Meet the candidates

LPEA Board election ballots hit local mailboxes

Members of the La Plata Electric Association are encouraged to stay close to their mailboxes. Ballots for the coop’s Board of Director election were mailed today, May 1. Six candidates are vying for three open seats on the 12-member board, which is split into four geographic districts. Each district has three representatives on the Board who serve 3-year terms and are elected yearly on a rotating basis. Members may only vote for candidates running in their district.

Election results will be announced at LPEA’s annual meeting on Thurs., May 22, at Fort Lewis College.

Candidate bios and statements, as provided to LPEA, follow. In each district, the incumbent is listed first. In District 2 (south and west La Plata County), incumbent Davin Montoya is running uncontested, so there will be no election in that district. Due to space constraints and the fact that it is outside our circulation area, District 1 (Archuleta County) was not included:

District 3 - City of Durango

Jeff Berman: An entrepreneur, Berman has served as sales manager for Living Solar, a local solar installation company; CEO of San Juan Bioenergy; and executive director of the nonprofit Colorado Wild. He is also a founding member of the Southwest Colorado Renewable Energy Society.

In the 10 years he has served on the Board, Berman says he has been a diligent advocate for clean energy and energy efficiency, helping members reduce electricity usage over the last three years and playing a leading role in LPEA’s Community Solar Garden. As LPEA’s representative to the statewide lobbying group, the Colorado Rural Electric Association, Berman says he has been working to ensure rural electric coops embraces the move toward cleaner energy.

“I will continue to advocate for greater energy efficiency and clean energy policies that help LPEA’s members keep their bills low, encourage conservation, and increase the percentage of our energy coming from local renewables like solar power,” vows Berman. “I will also continue to promote transparency, rate equity, sound financial decision-making, and careful consideration for current and long-term reliability and safety.”

Bill Waters: Territory Manager for Wagner Equipment, a Caterpillar dealer, Waters is a 57-year native of La Plata County.

He says he and his wife, both fifth-generation natives of La Plata County, are active in the community and have four grown sons.

Waters says the direction LPEA has taken in the last couple years has “troubled” him. His business experience has taught him that volatile energy practices have a big impact on the local economy and residents’ lives. “Electricity must be affordable,” he says. “The less affluent folks in our community should be able to live comfortably and not have to make a choice between groceries and electricity.”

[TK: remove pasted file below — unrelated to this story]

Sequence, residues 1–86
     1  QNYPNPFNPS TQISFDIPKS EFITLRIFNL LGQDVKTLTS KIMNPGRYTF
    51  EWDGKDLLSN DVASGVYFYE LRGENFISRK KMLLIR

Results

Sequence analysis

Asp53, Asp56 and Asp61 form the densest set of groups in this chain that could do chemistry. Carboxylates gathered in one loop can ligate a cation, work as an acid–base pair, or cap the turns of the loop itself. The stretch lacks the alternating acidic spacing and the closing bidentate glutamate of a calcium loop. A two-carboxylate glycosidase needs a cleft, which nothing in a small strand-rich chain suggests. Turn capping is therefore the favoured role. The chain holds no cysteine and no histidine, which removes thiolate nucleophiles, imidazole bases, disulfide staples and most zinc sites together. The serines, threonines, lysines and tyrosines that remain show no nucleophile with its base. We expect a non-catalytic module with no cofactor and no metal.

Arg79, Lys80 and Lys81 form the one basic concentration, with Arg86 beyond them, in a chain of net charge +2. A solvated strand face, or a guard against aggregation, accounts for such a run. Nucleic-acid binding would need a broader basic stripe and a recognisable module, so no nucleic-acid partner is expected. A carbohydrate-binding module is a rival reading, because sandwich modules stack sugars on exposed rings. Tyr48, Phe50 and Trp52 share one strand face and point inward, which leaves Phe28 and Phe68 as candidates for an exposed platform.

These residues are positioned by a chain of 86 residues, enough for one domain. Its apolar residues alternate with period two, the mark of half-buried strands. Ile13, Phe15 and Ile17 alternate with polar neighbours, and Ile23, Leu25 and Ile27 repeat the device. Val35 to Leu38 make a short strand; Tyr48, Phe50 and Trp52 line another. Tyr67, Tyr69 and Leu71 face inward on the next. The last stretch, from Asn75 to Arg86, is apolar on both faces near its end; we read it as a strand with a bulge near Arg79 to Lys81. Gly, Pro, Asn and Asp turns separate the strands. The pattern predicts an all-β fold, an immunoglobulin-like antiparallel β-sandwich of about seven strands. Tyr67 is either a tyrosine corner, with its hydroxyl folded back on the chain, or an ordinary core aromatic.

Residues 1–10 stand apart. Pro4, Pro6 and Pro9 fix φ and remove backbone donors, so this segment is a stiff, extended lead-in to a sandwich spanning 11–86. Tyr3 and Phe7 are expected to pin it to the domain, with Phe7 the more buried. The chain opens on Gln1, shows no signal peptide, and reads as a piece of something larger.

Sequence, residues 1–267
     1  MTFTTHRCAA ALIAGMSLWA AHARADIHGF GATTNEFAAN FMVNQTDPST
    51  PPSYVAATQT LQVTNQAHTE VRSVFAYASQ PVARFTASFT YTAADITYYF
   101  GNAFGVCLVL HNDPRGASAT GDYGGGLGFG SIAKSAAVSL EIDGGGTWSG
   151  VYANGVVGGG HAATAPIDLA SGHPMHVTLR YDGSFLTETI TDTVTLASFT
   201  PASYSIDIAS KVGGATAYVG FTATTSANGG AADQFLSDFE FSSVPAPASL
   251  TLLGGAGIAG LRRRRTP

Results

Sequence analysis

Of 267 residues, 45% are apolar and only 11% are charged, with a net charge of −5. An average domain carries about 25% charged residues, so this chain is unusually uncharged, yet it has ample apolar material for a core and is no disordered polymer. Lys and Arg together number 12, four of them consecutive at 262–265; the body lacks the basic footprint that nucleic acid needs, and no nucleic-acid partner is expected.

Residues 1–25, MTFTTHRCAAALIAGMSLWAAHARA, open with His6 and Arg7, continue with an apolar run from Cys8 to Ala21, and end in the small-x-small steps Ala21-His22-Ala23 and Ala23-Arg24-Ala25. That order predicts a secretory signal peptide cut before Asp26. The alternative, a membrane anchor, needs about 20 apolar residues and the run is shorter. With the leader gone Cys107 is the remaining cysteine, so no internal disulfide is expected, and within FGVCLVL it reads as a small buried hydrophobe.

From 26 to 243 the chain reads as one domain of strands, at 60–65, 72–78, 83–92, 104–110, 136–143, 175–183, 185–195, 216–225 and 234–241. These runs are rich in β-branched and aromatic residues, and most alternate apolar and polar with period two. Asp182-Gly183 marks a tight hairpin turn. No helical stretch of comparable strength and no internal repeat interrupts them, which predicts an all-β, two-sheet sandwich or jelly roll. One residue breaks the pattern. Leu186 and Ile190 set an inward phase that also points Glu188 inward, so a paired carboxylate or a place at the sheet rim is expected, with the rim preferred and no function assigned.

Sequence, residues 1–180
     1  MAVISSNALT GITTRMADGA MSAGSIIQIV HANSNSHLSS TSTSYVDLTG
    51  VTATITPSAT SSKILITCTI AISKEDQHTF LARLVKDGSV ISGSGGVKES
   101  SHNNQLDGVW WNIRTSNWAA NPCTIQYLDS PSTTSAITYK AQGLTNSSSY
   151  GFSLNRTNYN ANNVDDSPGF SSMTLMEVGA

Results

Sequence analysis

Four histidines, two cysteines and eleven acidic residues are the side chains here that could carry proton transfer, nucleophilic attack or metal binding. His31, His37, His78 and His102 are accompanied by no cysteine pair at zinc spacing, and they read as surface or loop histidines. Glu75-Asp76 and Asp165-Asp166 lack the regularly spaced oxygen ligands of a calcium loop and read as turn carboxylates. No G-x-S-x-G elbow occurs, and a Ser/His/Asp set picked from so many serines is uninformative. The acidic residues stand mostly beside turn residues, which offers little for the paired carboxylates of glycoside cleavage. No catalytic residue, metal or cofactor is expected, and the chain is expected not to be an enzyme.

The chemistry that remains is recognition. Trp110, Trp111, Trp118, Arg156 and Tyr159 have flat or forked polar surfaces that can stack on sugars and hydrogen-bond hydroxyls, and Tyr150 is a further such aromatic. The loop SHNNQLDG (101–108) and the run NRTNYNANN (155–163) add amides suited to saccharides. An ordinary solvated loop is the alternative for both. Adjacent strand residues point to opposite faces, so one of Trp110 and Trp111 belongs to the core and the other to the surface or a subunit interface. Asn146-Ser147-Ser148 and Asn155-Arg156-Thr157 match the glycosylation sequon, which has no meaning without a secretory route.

He spoke to the importance of renewable energy but not at the cost of fiscal integrity. “I will judge every project on its merits and not promote any pre-determined agendas ... LPEA is a business and should be run as a business,” says Waters. “I respect diverse opinions and will consider everyone’s ... decisions I make will be in the best interests of the entire cooperative.”

District 4 - north and east La Plata County, Bayfield

Joe Wheeling: With an MBA from the Wharton School of Business, Wheeling is LPEA’s current treasurer as well as the coop’s representative to Tri-State Generation and Transmission, where he is a member of the executive committee.

He is also a partner in James Ranch and former CEO of Red Roof Inns, vice president of Accor North America, and Deloitte Consulting. He is also a member of the Colorado Forum.

 He says he has enjoyed serving on the LPEA Board for the last six years and believes the coop has benefited from his knowledge of business, finance and management. 

He also says his family and James Ranch are grounded in sustainable resource management and environmentally sound enterprises, and the support of the local community makes those tenets the “heart and soul” of his livelihood.

“I feel that I bring a balanced perspective to the LPEA Board, a clear and focused business mind and a sound ethic toward sustainability and local environmental sensitivity,” he says.

Alison Dance: Owner of Cyprus Café and Eno, Dance is a founding member of Local First and the Sustainability Alliance of Southwest Colorado as well as a former member the La Plata Democratic Executive Committee.

As a successful business owner, she says she employs between 30-50 people and pumps more than a million dollars into the local economy yearly through jobs and purchases from local farmers, ranchers and suppliers.

She says she will bring a small business background, a commitment to sustainability and the local economy, and common sense to the LPEA Board. “LPEA has the chance to craft a new energy policy to carry us forward into the 21st century – and that future must include renewables while guaranteeing affordable, reliable electricity,” she says. “Rather than buying our electricity from distant, aging coal-fired plants, let’s keep those energy dollars here in Southwest Colorado. Solar and wind installations create local jobs, ensure clean air and water, and provide stable energy prices in an uncertain energy future.”

LPEA Board members earn $200 per diem, or $125 for half days and work an average of one to two days a month, according to LPEA CEO Greg Munro. They are also reimbursed for expenses and receive $1,000/month for insurance.

Ballots must be received by 4 p.m., Wed., May 21, at the offices of FredrickZink & Associates, 954 E. 2nd Ave. Members also can vote in person at the LPEA annual meeting at the Community Concert Hall at Fort Lewis College on May 22. Registration begins at 5 p.m. and anyone voting must do so before 6:30 p.m.